Building A New World – Entertainment, Education & Rigidity
The Soviet era architecture built in Lviv was less about a building’s aesthetics and more about its utilization. How could it be otherwise? Such terminology as industrial Soviet modernism, monumental modernism and late Soviet modernism do not lend themselves to the imagination. The buildings represented a new world, which at least aesthetically, was certainly a lesser one. Even the names were cringe worthy. For instance, a building constructed as a prototype for the majestically named 700th Anniversary Street was named the Regional Statistics Department. The name was about as inviting as the building, a nine story vertical structure placed atop a two story horizontal one, with each building placed at right angles to the other. It was built with those rare aficionados of slab concrete, rigidity and functionalism in mind. It is not memorable, but it is still standing. An ensemble of like styled structures was planned for 700th Anniversary Street. After only a few were built the project mercifully ended.
The list of structures for “Socialist Lviv” contains no less than six cinemas. These were important for propaganda. As the decades passed and Soviet rule relaxed, they became a favored form of entertainment. Surely, the movies shown inside were more interesting than the architecture which had nothing in particular to recommend it. Movies could entertain or educate. It is the latter which was communism’s greatest achievement. Mass education is one of the Soviet era’s longest lasting legacies. Perhaps this is why there are three buildings from Lviv Polytechnical National University on the list. It was not so much that they were built to last, as they were built to be used. They are still in use today by thousands of students. Only an architecture buff would find these buildings of passing interest. The important idea behind them is that they have helped provide students with a first class education. During the time of the Austro-Hungarian Empire and Second Polish Republic, Lviv had thousands of illiterate and uneducated citizens. The Soviets rectified this problem, but the system exacted a dreadful toll on the people.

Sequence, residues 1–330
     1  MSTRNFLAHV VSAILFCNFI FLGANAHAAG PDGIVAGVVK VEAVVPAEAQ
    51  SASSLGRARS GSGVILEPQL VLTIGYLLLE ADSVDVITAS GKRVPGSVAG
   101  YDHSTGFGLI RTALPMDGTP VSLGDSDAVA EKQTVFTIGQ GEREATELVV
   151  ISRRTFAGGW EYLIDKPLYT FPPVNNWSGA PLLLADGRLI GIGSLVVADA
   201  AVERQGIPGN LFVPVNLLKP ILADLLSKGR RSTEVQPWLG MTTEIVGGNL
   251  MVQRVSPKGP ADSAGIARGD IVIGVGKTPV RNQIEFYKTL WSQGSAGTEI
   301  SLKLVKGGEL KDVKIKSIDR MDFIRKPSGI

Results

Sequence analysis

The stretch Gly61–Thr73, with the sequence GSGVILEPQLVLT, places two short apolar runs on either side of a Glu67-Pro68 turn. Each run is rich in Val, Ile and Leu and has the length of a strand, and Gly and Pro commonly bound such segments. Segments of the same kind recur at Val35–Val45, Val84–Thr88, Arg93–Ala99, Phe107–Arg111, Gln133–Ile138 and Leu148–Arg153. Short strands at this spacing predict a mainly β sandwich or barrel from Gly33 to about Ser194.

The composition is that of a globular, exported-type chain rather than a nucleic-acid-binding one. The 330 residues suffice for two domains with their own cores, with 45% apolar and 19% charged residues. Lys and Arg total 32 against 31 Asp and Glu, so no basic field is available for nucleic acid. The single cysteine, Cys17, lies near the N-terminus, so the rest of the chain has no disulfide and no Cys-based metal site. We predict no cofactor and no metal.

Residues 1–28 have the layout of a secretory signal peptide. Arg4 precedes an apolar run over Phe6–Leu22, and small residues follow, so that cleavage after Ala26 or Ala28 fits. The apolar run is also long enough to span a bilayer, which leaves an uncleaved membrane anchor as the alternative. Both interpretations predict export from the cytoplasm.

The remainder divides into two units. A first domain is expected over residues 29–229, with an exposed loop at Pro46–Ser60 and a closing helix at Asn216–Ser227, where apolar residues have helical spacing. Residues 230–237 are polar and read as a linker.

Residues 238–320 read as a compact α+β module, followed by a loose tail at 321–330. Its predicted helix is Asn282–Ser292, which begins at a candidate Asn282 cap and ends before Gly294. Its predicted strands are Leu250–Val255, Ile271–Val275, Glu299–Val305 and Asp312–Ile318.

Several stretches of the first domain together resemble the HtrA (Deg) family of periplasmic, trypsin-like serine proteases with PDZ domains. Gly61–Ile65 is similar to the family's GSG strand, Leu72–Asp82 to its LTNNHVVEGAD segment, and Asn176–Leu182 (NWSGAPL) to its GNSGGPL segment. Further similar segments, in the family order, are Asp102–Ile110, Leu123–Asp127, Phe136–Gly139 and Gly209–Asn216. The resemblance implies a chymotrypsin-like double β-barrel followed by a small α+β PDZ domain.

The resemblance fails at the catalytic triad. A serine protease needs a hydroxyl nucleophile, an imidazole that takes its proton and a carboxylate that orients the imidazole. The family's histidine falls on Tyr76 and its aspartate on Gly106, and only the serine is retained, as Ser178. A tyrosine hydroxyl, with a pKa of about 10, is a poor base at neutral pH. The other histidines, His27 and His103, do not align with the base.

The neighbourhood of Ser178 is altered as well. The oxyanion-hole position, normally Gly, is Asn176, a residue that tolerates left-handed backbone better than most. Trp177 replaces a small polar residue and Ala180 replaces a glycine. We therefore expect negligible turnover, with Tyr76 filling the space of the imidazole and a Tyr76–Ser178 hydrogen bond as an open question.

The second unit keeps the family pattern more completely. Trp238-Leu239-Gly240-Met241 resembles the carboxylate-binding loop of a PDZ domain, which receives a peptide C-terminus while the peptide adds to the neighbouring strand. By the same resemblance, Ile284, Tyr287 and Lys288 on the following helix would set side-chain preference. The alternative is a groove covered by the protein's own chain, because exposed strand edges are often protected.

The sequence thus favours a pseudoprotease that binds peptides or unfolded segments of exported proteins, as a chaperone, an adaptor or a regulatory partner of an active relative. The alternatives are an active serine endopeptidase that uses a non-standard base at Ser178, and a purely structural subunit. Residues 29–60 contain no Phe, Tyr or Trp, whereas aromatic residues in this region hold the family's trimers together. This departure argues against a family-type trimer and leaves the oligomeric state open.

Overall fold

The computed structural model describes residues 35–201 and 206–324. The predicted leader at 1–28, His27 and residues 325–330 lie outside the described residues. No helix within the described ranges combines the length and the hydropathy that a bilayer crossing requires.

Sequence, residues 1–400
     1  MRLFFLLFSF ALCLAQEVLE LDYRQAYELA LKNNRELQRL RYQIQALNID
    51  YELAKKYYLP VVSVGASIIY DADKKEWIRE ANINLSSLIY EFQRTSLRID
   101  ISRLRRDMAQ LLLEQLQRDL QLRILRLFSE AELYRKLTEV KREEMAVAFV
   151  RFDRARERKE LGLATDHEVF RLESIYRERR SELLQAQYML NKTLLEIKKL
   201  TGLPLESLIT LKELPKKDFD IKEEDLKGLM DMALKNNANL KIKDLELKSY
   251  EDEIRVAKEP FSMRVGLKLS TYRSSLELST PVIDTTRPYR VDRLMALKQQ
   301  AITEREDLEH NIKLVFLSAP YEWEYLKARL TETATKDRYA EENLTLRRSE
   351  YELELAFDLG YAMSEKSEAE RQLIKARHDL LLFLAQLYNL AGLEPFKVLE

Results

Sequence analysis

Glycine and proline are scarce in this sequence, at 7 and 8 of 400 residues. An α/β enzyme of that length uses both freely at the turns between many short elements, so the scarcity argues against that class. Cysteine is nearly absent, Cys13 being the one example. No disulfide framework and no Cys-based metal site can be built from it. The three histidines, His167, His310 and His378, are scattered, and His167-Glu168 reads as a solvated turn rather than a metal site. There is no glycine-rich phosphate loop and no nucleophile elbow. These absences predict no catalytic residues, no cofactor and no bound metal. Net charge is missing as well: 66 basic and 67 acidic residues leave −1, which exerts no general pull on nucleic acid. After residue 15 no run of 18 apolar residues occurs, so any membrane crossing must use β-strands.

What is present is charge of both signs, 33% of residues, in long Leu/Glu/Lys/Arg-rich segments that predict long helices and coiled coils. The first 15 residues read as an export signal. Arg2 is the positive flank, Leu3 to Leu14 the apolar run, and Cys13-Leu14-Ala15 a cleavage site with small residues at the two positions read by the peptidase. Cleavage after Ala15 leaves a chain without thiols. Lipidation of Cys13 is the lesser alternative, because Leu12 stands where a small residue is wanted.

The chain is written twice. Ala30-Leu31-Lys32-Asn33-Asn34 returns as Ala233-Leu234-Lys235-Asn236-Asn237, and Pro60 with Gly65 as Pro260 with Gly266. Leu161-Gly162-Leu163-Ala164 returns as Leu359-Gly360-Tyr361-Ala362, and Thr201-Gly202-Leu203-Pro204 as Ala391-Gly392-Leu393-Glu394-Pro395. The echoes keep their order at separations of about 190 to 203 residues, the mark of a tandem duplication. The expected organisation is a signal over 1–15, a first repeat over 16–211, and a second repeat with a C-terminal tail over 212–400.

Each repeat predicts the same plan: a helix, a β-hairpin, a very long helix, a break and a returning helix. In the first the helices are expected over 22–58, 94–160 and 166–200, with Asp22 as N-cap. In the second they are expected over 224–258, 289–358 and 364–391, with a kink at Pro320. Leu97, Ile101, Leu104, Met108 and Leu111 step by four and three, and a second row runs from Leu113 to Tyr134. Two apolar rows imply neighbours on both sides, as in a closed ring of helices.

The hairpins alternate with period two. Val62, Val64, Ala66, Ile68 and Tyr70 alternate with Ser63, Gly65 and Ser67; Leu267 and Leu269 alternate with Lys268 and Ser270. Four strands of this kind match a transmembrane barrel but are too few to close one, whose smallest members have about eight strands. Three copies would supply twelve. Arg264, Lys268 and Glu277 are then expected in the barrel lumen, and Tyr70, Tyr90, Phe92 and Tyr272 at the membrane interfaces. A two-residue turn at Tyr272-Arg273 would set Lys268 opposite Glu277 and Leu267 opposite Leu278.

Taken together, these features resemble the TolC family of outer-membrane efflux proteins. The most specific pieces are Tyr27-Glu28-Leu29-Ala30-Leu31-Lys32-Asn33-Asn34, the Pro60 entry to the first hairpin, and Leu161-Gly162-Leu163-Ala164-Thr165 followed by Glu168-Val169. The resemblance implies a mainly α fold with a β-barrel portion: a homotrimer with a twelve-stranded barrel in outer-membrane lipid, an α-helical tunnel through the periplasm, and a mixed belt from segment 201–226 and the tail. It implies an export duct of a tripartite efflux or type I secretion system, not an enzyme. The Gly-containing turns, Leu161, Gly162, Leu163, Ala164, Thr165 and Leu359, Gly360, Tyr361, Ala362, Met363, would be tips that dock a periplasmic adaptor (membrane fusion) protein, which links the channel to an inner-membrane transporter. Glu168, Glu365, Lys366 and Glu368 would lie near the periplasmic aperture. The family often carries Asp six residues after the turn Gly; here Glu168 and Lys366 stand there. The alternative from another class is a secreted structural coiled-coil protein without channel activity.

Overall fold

Copying the Enemy– Stalinist Designs
Speaking of dreadful the use of the word Stalin, Stalinist or Stalinism usually has horrifying connotations. Ironically the one building from Soviet-era Lviv worth seeing is done up in the style of Stalinist Neoclassicism. This is the Veterinary Medicine Academy Main Building found on Pekarska Street. Though the building is only three stories high it dominates the immediate surroundings. This is mainly due to its columned portico, which has more in common stylistically with ancient Greece or Rome. The Soviets and especially Stalin were unable to defeat Western Civilization. Instead they stole from it. Unfortunately theft ends up debasing rather than sustaining a civilization. This speaks volumes about the Soviet system’s ideals and mind numbing architectural achievements.